I am delighted to bring you this Autumn edition of Trust Journal. This edition is about the future – how we arise stronger from the global pandemic and build anew for our children and young people.
Dame Rachel de Souza, Children’s Commissioner for England reflects on The Big Answers: Building a New Deal for England's Children. Dame Rachel invites us to take the long-term view, but also challenges us to consider whether, in an age of big ideas, are we being ambitious enough? She says: "… out of hardship, England has a history of emerging stronger than before. Some argued we could not afford the NHS. It has now lasted for over 70 years, and we cannot imagine life without it.” She invites us to think big and bold and consider whether better answers lie beyond the policy options currently on the table.
On a similar theme but a nearer horizon, John Blake writes of Education Recovery. School Trusts have been at the forefront of managing the vast disruption of the pandemic. No one in education is under any illusion that recovery from the past two years will be straightforward. Problems we knew already existed within the education system have been further exposed and their impacts heightened. For this reason, a group of Trusts have worked with CST alongside representatives of other phases of education, to pull together an Education Recovery Plan. The ERP seeks to secure temporary funding for schools and post-16 institutions to help them mitigate the immediate consequences of the pandemic, whilst proposing clear plans for investment in early years provision and mental health services for young people, to reduce the long-term pressures on schools.
This is complemented beautifully by Nick Capstick’s thoughts on The Moment to put Child Health at the Heart of Recovery. Nick says that "We have an opportunity to learn the lessons of lockdown, shape and change the school food system and use that as a tool to build back healthier for every child, in every neighbourhood.”
Thus recovery is an enduring theme in this edition of Trust. Narrowing our lens a little, we need to think about how we respond to gaps in learning that have opened up during the pandemic. There is much talk at the moment about ‘catch up.’ But as Rebecca Allen and Sam Sims note in the introduction to The Teacher Gap: "Research consistently shows that the quality of instruction, which in turn depends on the knowledge, skills and dispositions of teachers, is a powerful determinant of pupil learning… no other attribute of schools comes close. Moving a child from an average to a top teacher’s class means they will learn in six months what would otherwise have taken twelve. … If improving the quality of education is the public policy holy grail, teachers are the ones who will find it for us.”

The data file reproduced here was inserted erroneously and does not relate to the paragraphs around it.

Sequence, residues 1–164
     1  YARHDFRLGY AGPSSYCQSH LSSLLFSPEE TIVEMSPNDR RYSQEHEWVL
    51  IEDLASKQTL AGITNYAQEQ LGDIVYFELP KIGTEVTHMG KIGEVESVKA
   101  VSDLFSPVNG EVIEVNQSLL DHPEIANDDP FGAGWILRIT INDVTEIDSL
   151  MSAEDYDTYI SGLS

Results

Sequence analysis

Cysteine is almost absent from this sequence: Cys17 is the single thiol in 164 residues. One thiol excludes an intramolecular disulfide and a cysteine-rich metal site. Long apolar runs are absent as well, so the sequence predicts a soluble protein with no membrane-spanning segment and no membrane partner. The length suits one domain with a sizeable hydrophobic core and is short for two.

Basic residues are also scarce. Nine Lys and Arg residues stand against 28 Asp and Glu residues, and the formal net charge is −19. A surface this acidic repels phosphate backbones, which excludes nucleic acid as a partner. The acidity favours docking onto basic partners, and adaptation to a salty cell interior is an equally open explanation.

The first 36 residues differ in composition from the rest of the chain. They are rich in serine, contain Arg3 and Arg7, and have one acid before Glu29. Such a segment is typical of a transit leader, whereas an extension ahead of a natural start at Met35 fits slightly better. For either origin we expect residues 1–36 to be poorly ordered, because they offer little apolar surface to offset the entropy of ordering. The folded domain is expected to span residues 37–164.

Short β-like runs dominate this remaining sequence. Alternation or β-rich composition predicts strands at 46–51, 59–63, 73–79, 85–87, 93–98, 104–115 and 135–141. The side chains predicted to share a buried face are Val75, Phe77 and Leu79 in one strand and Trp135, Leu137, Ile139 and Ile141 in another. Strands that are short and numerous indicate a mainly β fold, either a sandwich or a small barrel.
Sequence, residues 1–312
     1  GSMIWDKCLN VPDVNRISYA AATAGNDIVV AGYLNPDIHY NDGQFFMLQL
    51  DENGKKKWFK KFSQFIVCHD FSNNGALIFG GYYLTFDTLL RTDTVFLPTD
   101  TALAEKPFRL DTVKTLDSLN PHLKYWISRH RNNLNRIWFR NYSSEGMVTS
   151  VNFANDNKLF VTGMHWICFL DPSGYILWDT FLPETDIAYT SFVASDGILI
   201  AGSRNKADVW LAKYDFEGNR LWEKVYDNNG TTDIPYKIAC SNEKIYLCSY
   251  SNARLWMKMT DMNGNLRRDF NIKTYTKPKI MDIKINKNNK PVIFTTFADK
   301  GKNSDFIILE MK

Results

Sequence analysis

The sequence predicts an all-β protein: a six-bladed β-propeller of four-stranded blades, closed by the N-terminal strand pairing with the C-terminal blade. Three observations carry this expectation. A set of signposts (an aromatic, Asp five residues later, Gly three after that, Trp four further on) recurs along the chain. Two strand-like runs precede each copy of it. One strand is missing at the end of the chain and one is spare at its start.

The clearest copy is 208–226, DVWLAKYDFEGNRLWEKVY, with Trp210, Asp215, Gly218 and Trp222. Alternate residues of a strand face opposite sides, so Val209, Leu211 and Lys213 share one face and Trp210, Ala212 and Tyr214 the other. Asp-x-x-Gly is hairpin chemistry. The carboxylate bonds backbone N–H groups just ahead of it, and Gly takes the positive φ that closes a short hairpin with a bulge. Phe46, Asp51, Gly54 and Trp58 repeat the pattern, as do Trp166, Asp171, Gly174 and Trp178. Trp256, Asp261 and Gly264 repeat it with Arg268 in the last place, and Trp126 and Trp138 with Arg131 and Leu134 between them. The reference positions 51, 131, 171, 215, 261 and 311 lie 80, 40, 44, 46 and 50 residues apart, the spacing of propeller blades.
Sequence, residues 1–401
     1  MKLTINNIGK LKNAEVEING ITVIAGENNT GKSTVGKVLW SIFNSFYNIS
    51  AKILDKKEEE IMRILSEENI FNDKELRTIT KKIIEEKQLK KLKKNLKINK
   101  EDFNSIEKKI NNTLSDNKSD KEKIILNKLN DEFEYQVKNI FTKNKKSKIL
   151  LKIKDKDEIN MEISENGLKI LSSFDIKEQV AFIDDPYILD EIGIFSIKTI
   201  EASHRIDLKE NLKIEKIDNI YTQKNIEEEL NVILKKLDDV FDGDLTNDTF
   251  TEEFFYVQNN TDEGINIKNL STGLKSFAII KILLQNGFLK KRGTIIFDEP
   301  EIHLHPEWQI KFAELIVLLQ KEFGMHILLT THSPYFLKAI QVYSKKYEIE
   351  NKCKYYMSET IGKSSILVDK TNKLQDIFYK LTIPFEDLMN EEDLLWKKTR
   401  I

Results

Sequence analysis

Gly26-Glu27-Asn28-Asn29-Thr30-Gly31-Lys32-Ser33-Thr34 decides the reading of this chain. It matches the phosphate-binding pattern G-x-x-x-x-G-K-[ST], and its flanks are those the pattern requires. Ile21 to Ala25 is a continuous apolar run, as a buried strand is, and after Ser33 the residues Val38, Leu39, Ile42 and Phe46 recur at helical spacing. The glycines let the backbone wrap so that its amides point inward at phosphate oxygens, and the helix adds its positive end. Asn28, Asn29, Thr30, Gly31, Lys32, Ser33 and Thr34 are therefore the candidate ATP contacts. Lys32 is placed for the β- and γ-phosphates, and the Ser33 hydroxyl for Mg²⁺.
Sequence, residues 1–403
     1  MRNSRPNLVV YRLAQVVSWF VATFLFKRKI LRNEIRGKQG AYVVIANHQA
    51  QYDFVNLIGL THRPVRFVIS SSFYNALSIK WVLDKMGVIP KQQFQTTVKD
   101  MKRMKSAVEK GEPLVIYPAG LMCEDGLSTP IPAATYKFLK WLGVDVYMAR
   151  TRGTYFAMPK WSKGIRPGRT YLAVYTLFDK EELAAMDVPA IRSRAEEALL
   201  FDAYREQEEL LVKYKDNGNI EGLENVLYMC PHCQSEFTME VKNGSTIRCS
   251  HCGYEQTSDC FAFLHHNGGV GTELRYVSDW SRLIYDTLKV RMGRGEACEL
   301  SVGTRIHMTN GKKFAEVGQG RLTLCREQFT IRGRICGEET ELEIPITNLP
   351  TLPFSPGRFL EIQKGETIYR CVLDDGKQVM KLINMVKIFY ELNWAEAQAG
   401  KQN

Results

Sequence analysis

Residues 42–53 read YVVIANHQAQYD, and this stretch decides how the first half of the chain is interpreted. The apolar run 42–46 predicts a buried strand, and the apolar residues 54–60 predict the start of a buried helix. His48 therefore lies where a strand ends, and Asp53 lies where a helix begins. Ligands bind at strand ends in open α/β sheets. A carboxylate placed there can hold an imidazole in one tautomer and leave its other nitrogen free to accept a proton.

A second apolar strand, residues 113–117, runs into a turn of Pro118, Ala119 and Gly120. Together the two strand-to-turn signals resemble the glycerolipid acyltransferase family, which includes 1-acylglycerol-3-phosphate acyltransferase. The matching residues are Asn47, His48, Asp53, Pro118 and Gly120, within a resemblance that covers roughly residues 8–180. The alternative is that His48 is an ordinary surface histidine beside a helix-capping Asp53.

So teacher quality matters. It is the single biggest factor in improving educational outcomes for our children and young people. And of course, there is no improvement in teachers without the best professional development.
This is why Melanie Hoosen’s article on a New Season for Teacher Professional Development is so important. It is also why Steve Rollett’s article on the NET effect is significant. It is essential that we begin to codify how we do improvement at scale across a group of schools. Steve provides a window into an example of a Trust doing exactly this – the Northern Education Trust.
Widening our lens again and thinking about the future of our planet, on the eve of COP26, Robert Gould writes about Climate Change – Doing Nothing is No Longer an Option. Alison Bellwood’s thoughts on Educating a Generation of Environmental Inventors, Innovators and Problem-solvers seem particularly relevant in this context. Project Everyone seeks to create the World’s Largest Lesson which aims to build a generation of young "champions” for the UN Sustainable Development Goals.
We also need to be building strong and sustainable organisations – strong Trusts. Part of this is a focus on our workforce. CST is doing a fair bit of work on this at the moment and I am delighted that Browne Jacobson is working with us on executive pay. Browne Jacobson’s Emma Hughes writes about our recent publication on Executive Pay Benchmarking, the first national salary benchmarking survey for executive leaders in School Trusts. This is a really important step for our sector in terms of finally having data that Boards are able to use in order to make fair, robust and evidence-based executive reward decisions.
I’d like to conclude with Oli de Botten’s beautiful article on why Modern Careers Education really matters. As we launch our young people into their future, Oli reflects on past, present and future: "past being shorthand for the powerful knowledge children need, the present standing for supporting well-being, and the future about making sure children are ready for what comes next.”
Let’s build a bridge to that future together.